1. Make black beans. In a medium skillet, melt bacon grease over medium-high heat until shimmering. Add white & light green scallions, reduce heat to medium-low, and sauté, stirring, until slightly softened, about 3 to 4 minutes. Add cumin and fry, stirring, for 1 minute. Add black beans, cilantro, and lime juice. Bring to a lively simmer over medium heat and simmer, stirring frequently, until flavors blend, about 5 minutes. Remove from heat.
  2. Make red sauce. In a small, heat-safe bowl, combine chopped ancho, guajillo and chipotle peppers. Cover with boiling water and allow to sit until fully softened, about 10 minutes. Transfer chiles and soaking water to the bowl of a food processor. Add pickled peppers. Process for several minutes until chiles form a fine paste.
  3. In a medium saucepan, heat bacon grease over medium heat until shimmering. Add onion and garlic; reduce heat and sauté, stirring occasionally, until onions are softened and garlic is fragrant, about 5 – 8 minutes. Add oregano and fry for 1 minute. Add tomatoes, chile paste, and salt. Simmer over lowest heat, stirring occasionally, until sauce is slightly reduced and flavors blend. Taste and adjust salt or spice (with seeds reserved from the dried chiles or ground chipotle or other chile powder).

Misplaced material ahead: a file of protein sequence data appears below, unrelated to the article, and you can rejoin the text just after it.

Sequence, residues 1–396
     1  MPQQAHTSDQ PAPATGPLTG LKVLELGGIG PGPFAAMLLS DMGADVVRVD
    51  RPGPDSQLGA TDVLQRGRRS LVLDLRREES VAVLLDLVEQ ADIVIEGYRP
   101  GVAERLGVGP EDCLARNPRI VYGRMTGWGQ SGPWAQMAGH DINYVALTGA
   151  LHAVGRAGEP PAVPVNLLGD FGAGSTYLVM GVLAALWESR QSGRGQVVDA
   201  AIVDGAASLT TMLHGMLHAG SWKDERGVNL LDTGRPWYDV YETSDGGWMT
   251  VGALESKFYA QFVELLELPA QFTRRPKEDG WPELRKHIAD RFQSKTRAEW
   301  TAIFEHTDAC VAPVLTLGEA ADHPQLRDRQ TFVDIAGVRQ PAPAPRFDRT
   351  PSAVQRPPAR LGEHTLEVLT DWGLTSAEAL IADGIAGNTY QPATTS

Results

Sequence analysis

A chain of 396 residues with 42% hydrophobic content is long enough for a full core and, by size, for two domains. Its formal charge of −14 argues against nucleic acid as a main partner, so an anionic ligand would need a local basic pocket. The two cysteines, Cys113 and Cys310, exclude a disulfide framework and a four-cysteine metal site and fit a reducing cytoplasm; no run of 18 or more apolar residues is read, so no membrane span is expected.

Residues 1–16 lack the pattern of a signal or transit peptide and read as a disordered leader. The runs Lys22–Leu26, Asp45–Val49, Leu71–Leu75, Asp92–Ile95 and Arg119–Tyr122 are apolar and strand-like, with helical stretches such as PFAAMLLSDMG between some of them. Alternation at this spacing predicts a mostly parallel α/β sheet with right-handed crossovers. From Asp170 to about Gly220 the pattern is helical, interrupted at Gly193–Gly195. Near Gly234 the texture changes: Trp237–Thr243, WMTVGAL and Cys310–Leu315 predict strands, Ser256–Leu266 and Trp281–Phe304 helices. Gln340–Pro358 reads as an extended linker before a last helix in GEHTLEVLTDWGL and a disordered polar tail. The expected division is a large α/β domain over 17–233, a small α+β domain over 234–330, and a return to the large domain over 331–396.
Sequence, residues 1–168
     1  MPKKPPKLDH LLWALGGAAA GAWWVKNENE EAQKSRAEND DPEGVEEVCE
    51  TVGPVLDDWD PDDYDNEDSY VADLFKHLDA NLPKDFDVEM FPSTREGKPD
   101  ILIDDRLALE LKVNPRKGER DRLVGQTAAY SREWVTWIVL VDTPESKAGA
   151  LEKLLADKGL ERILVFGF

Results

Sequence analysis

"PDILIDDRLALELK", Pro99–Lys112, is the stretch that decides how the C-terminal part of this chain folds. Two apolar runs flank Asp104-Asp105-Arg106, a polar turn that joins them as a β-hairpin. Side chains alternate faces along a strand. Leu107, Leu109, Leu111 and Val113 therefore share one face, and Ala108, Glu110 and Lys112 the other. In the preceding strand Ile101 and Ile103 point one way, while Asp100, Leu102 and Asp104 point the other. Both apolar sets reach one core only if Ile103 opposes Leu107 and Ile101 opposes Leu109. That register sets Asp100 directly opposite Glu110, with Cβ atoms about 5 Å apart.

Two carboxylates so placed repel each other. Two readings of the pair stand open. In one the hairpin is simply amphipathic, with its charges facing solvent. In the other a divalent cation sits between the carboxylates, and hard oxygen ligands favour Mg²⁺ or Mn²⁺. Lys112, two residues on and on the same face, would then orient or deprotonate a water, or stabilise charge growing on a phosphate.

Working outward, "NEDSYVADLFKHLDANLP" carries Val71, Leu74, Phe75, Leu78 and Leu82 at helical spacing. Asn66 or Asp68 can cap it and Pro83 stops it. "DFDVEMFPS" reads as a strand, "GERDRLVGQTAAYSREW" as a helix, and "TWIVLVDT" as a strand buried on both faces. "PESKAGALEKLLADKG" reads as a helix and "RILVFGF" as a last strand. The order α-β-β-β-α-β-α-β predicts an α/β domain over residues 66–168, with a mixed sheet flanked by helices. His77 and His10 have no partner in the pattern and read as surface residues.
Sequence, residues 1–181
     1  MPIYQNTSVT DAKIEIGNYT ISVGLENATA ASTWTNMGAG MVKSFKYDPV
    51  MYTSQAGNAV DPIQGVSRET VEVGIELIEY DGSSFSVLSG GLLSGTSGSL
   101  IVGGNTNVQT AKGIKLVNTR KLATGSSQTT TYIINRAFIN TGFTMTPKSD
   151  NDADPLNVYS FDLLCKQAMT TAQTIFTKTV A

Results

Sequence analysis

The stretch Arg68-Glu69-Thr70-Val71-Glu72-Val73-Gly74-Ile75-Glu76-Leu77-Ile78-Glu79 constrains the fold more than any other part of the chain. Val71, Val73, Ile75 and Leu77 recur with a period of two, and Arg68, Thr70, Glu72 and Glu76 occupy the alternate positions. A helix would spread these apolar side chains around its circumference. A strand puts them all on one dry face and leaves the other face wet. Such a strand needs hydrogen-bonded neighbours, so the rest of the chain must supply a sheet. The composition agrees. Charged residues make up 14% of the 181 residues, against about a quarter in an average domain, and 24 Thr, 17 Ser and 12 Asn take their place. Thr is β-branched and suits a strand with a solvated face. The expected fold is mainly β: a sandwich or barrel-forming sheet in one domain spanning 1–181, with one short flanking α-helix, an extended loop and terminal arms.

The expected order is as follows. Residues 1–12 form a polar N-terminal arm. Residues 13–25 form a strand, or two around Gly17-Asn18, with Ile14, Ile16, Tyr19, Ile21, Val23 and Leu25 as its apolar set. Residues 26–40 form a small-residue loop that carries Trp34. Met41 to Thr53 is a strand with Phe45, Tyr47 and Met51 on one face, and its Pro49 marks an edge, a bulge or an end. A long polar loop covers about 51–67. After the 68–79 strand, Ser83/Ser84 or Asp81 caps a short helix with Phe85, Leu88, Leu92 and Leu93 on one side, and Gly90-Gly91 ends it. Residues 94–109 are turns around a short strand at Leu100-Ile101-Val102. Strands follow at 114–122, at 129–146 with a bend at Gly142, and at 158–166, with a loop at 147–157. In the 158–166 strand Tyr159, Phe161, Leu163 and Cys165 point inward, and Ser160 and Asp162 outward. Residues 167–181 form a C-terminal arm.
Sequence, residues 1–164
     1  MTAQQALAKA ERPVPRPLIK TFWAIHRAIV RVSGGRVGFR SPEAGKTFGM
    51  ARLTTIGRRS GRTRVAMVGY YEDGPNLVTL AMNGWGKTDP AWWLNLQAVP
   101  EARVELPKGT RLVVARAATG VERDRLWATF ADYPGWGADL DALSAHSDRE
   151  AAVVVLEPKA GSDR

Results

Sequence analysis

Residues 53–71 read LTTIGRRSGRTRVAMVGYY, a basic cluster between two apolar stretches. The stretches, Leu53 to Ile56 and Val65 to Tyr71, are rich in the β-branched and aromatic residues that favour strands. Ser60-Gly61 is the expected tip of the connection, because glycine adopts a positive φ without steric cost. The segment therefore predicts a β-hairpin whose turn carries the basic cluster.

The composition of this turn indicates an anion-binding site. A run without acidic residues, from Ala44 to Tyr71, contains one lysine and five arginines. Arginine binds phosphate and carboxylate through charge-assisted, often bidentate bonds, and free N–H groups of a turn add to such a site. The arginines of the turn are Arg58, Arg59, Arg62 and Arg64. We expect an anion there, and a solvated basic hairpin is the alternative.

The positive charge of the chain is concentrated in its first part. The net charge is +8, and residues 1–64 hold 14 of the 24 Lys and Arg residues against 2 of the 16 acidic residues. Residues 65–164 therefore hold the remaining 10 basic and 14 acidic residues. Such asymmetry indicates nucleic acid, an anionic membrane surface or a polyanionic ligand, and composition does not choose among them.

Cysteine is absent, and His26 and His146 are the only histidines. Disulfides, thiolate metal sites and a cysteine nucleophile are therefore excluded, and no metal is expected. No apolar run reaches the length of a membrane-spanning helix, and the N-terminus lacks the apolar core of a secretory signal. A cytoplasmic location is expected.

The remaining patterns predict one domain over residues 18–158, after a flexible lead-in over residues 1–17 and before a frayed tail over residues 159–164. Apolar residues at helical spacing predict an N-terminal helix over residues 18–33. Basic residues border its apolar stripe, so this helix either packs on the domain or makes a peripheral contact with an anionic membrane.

4. Assemble & cook enchiladas. Preheat oven to 375 degrees F. Spread the vegetable oil over the bottom of a 9″ X 13″ baking dish. Warm the tortillas in the preheating oven, or wrapped in a damp towel in the microwave for 1 minute. Keeping the tortillas wrapped to stay warm, assemble enchiladas one at a time: spread about 2 tbsp of black beans in a line in the middle of a tortilla, sprinkle lightly with grated cheese, and roll up tightly, resisting the urge to over-stuff. Place seam side down in the prepared baking dish. Repeat until all tortillas are filled, packing rolled tortillas into the baking dish snugly, side by side. If there are any black beans leftover, sprinkle over the top of the tortillas, or place alongside to be covered with sauce. Cover tortillas entirely with red sauce, making sure no tortilla is peeking out (else it will dry out). Sprinkle the top with the remaining grated cheese. Bake in the preheated oven until cheese is bubbly and beginning to brown, about 20 to 25 minutes. Garnish with chopped green scallion and cilantro. Serve hot.